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January 4, 2000

NES Assists Fuel Cell Industry Address Technology Acceptance

The National Evaluation Service, Inc. (NES) announces implementation of a new project that will assist the fuel cell industry in accelerating the approval of Fuel Cell installations by U.S. building regulatory agencies and also address international standards issues that can impact global acceptance of the technology.

During the project, which is being undertaken on behalf of the U.S. Department of Energy (DOE) through the Pacific Northwest National Laboratory, NES will work with fuel cell developers and manufacturers in the development of an evaluation protocol that can be used as a basis for the evaluation and assessment of stationary fuel cell power plants intended for building applications. The protocol will also serve to alert fuel cell power plant manufacturers and distributors of the testing and documentation needed to facilitate building regulatory acceptance of the technology. Using the evaluation protocol as a basis, a National Evaluation Report (NER) for a particular power plant can then be developed. An NER will detail the conditions upon which a particular fuel cell power plant satisfies the requirements of the three U.S. model building codes and the model codes of the International Code Council (ICC). In doing so an NER will assist building regulatory officials who enforce those codes assess fuel cell installations proposed in their jurisdictions and will facilitate approval of specific installations in a more timely manner.

"Building construction regulations tend to lag technology development. In addition they can be prescriptive in nature. Coupled with a lack of information on and experience with new technology, this makes it difficult for building regulatory officials to readily review and approve any new technology. It also increases the level of effort technology proponents must undertake to secure needed approvals. Eventually standards and model code criteria are developed, adopted, and implemented by state and local building regulatory officials and can foster timely technology review and approval. Until those efforts are completed and the technology becomes more routine for building regulators, the activities being undertaken by NES will help 'bridge the gap' and should assist everyone involved in the building industry more readily accept the safe installation of fuel cells in buildings", said David Conover, CEO of the National Evaluation Service.

Under the evaluation protocol effort NES will perform the following activities:

Develop a 'white paper' rough draft of the evaluation protocol, widely publicize the initiation of the project using the 'white paper', and solicit input from, and participation by, interested parties.

Develop a list of issues that will need to be addressed and for which an evaluation would be desired in order to assess the safety and performance of a fuel cell power plant.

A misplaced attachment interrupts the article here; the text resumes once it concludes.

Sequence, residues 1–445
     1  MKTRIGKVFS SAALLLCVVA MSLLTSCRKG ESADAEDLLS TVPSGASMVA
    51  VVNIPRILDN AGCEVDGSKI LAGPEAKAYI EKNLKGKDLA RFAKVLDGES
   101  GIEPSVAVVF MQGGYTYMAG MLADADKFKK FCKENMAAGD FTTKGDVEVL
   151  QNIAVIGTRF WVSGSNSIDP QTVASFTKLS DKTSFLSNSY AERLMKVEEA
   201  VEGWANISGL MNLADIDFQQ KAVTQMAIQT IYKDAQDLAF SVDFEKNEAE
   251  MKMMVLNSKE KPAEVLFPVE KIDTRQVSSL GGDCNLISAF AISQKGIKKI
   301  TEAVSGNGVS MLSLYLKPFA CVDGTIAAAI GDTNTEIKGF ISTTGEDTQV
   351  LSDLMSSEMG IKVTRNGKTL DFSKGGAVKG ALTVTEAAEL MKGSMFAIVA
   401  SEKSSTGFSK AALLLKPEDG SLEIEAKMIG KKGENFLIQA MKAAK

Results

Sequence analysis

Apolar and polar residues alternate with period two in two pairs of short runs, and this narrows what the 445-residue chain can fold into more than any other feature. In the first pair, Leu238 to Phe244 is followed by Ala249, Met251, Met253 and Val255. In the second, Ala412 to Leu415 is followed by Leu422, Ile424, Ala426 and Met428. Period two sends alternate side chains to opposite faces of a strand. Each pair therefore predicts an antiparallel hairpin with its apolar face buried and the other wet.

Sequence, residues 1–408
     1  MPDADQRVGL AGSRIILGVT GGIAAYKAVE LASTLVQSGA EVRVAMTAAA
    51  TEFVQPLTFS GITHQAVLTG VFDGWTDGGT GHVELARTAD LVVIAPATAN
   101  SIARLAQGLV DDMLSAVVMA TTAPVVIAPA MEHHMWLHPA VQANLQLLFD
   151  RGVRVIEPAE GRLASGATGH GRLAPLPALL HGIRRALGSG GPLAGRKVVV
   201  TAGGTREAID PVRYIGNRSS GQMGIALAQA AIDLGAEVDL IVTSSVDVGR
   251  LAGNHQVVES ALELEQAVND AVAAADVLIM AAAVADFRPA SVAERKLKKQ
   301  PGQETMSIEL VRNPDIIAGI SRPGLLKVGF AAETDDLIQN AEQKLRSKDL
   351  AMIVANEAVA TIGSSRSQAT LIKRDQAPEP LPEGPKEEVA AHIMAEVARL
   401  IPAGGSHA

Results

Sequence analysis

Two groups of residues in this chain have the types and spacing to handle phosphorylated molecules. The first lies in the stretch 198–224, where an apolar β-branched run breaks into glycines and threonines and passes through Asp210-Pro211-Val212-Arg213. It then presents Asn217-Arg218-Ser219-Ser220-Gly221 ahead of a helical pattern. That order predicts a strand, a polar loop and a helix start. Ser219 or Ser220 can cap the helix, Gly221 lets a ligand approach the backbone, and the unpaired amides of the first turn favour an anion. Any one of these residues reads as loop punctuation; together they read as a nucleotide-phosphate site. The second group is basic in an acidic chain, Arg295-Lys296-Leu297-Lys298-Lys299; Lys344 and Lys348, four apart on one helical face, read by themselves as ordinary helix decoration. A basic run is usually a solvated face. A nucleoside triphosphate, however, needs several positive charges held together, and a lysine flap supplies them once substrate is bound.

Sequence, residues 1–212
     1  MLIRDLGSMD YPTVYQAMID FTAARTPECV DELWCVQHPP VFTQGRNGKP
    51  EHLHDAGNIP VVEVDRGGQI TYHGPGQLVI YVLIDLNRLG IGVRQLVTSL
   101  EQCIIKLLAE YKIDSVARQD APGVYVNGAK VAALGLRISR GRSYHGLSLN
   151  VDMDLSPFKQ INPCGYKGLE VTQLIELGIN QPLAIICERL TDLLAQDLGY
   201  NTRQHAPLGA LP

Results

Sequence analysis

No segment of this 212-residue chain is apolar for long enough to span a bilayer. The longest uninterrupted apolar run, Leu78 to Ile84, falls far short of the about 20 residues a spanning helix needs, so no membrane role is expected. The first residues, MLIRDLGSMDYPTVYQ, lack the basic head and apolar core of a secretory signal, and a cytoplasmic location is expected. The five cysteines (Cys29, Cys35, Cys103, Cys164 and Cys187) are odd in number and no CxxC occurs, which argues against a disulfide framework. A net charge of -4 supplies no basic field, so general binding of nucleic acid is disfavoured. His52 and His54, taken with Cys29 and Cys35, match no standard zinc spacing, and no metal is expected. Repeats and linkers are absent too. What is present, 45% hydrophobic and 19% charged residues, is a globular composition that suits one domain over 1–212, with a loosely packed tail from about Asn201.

Draft an evaluation protocol and work with other interested and affected parties to finalize the evaluation protocol.

Publish the protocol and make it available to interested parties.

A draft of the evaluation protocol is expected to be available by May 2000 and the final document published by the end of July 2000.

In addition to the evaluation protocol effort, NES will be assisting with the planning and execution of the U.S. DOE Fuel Cell Summit IV in 2000. Past summits, held annually in the Spring, have focused the industry and other interested parties on the status of fuel cell technology development and deployment. More importantly, the summits have provided a singular and unique venue for the industry to identify building regulatory issues such as development and adoption of standards and codes and efforts to educate the building and code communities. In addition they have provided an opportunity for those in the hydrogen industry, distributed power advocates, and fuel cell vehicle developers and proponents to recognize and address building regulatory issues that will impact their interests.

The NES will also be participating in the initial meeting of the International Electrotechnical Commission (IEC) committee on fuel cells (IEC TC 105). This committee, formerly an IEC task force, will be focusing their efforts on reviewing the status of fuel cell technology and determining what standards development initiatives for fuel cells might be warranted within the IEC. Dave Conover of the NES serves as the Deputy Technical Advisor on IEC TC 105 to the U.S. National Committee of the IEC and will be actively supporting the Technical Advisor, Kelvin Hecht, in representing the interests of the U.S. fuel cell industry at the meeting.

The National Evaluation Service is a non-profit organization that conducts a voluntary and advisory program of evaluation for both traditional and innovative building materials, products and systems to facilitate their acceptance and safe installation. NES develops technical reports containing descriptions of a building construction material or product, together with a list of conditions necessary for compliance with each of the model codes, as promulgated by Building Officials and Code Administrators International, Inc. (BOCA), International Conference of Building Officials (ICBO), and Southern Building Code Congress International, Inc. (SBCCI) as well as the International Codes of the ICC. The NES also operates a Building Innovation Center that is focused on efforts to enhance the evaluation and acceptance of innovative building technologies and address issues such as durability, maintenance and technology performance beyond the minimum requirements in building codes and standards.

Content updated on 7/10/2003

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